So I guess what I’m trying to say here is, my future child’s gender and preferences are none of your business. I mean, I’m not going to raise them as some asexual experiment, but there isn’t going to be any of the “X is for girls, Y is for boys and never the twain shall meet” crap. I just don’t have time for that bullshit.

  • Ruby

    As a cashier, it broke my heart how often I saw mothers admonishing their toddlers, “Pick a toy. No, you can’t have pink, that’s for girls,” or, “No, you don’t want the Cars toy, you want the one with the Princess on it.” I hated that our Christmas toy shipments were literally divided into “boy toys” and “girl toys.”

    When I was young, I played dinosaurs and hot wheels with my brother, and he played Barbie dolls and dollhouse and kitchen set with me. Why can’t we just let kids play with the toys they are interested in and develop their own personalities?

    You hit the nail on the head when you described the clothing section. Girls’ clothing is a sea of neon pink, purple and glitter; boys’ clothing is all blue, camo, sports and skateboards. That’s not even getting into the oversexualized clothing in the girls’ section. It’s sad that when I teach elementary school I see little girls wearing low rise jeans.

  • http://twitter.com/tselmorrah tselmorrah

    My great-grandmother told us that when my grandpa was a baby in Luxembourg (mid 1910s), girl babies were dressed in blue because that color was associated with the Virgin Mary, and rose was associated with the royalty or the Infant Jesus.

  • http://twitter.com/BriAnnaShultz BriAnna Shultz

    Um… while I can follow the idea that these colors were given “meanings” at the time periods listed by the article, the evidence given here for young children all wearing dresses until WWI seems anecdotal at best. I have some pictures of my great grandmother in the 1880′s and her sisters are in dresses, but her brothers are in pants. A Google search for 1880s family photos finds tons of pictures where baby boys and baby girls are side by side in pants and dresses respectively… I suspect this article was poorly researched, or the intro was added at the last minute.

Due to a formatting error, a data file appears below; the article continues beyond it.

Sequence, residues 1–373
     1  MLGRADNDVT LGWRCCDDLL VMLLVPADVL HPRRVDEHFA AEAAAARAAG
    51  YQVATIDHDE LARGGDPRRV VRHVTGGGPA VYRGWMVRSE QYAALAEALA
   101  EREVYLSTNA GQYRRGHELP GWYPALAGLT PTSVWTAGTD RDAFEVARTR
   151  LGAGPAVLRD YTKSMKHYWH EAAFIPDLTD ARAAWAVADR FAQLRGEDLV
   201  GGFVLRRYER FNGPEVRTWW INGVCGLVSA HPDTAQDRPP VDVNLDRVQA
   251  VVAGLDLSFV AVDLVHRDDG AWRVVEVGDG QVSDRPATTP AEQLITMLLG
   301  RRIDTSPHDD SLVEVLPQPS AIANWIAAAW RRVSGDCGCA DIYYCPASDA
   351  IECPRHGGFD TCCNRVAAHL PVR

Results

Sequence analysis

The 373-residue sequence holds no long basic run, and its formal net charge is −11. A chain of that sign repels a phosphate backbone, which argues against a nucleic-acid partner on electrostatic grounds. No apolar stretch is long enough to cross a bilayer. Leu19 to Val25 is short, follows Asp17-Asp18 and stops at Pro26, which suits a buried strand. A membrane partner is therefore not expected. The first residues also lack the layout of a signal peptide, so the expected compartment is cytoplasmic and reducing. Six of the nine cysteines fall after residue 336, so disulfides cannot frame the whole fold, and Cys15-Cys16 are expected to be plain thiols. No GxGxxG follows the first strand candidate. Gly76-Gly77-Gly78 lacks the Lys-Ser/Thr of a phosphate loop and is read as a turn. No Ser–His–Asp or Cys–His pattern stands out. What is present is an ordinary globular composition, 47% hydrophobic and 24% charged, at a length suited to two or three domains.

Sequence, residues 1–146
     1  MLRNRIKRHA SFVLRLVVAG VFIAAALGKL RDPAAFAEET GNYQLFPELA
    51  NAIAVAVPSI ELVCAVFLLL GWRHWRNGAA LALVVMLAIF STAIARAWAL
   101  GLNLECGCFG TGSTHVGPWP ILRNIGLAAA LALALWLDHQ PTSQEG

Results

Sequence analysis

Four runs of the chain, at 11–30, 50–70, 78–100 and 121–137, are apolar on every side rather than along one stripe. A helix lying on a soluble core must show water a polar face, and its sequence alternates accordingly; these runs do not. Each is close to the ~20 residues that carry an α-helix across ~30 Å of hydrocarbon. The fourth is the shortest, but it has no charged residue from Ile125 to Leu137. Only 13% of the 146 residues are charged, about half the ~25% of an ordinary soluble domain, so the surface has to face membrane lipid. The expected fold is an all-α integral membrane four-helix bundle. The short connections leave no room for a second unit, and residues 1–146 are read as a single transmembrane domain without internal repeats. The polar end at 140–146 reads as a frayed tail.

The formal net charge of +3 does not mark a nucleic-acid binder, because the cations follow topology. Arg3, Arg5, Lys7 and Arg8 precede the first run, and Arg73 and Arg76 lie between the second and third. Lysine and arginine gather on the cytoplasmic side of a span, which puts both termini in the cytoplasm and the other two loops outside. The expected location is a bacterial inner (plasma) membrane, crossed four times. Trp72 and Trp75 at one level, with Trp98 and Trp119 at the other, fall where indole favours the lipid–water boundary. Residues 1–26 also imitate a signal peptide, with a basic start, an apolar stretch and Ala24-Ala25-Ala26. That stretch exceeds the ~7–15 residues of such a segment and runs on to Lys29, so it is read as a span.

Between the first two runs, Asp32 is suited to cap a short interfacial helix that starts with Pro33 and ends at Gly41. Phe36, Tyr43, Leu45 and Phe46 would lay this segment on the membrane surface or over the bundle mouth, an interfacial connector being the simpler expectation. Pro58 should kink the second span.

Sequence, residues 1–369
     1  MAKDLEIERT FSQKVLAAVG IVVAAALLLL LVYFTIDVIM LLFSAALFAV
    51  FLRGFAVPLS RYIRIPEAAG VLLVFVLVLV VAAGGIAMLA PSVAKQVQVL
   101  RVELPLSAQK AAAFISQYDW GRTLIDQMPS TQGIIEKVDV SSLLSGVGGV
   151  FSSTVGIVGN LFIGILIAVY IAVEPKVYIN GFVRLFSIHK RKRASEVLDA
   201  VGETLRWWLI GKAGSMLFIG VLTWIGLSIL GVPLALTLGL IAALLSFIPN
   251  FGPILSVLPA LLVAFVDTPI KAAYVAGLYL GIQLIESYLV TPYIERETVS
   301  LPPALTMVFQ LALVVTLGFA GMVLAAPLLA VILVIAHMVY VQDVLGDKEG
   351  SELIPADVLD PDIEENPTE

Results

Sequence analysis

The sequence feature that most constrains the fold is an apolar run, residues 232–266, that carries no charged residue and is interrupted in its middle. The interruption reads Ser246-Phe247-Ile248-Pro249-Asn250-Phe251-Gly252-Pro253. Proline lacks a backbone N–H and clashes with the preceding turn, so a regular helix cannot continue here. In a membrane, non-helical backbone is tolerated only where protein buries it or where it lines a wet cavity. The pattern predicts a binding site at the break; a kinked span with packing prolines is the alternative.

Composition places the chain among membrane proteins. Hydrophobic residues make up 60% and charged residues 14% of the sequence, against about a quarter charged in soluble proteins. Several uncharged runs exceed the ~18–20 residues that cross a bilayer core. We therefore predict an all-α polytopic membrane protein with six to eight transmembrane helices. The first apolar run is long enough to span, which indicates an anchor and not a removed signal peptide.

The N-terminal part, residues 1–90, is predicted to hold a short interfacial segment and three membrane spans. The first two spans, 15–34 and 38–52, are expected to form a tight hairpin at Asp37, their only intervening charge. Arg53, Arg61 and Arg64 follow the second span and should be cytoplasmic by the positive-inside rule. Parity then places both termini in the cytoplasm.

• Guest

    Unfortunately, your great grandmother’s photos and a google search also qualify as anecdotal evidence. For example, it is possible that wealthier people (and not the masses) could have their photos taken in the 1880s, and that they could afford to have photograph-worthy formalwear made for their children, but just because their children are dressed a certain way in a photograph does not mean that that was the norm for everyone in everyday situations.

    For all I know you may be right that this article was poorly researched, but your own reasons for thinking so are not particularly compelling.

    To go back to the article, I’d be interested to see how babies around the world are treated– whether Chinese, Peruvian and Indian babies are dressed in gender-specific clothing as well, for example. I’m pretty sure I’ll let my kid wear whatever’s clean and comfy. The only thing I really want my kid to wear are those adorable knit hats shaped like animals.

  • Anonymous

    My son wears jewelry, high-heels, butterfly wings, whatever he wants to dress up in. Parents that worry about that kind of stuff are missing out. Not only do their kids not get to explore the world free from arbitrary restrictions, they will never, ever know the sheer joy of watching a 2-year-old play soccer with a T-rex while wearing snakeskin pumps.

  • mu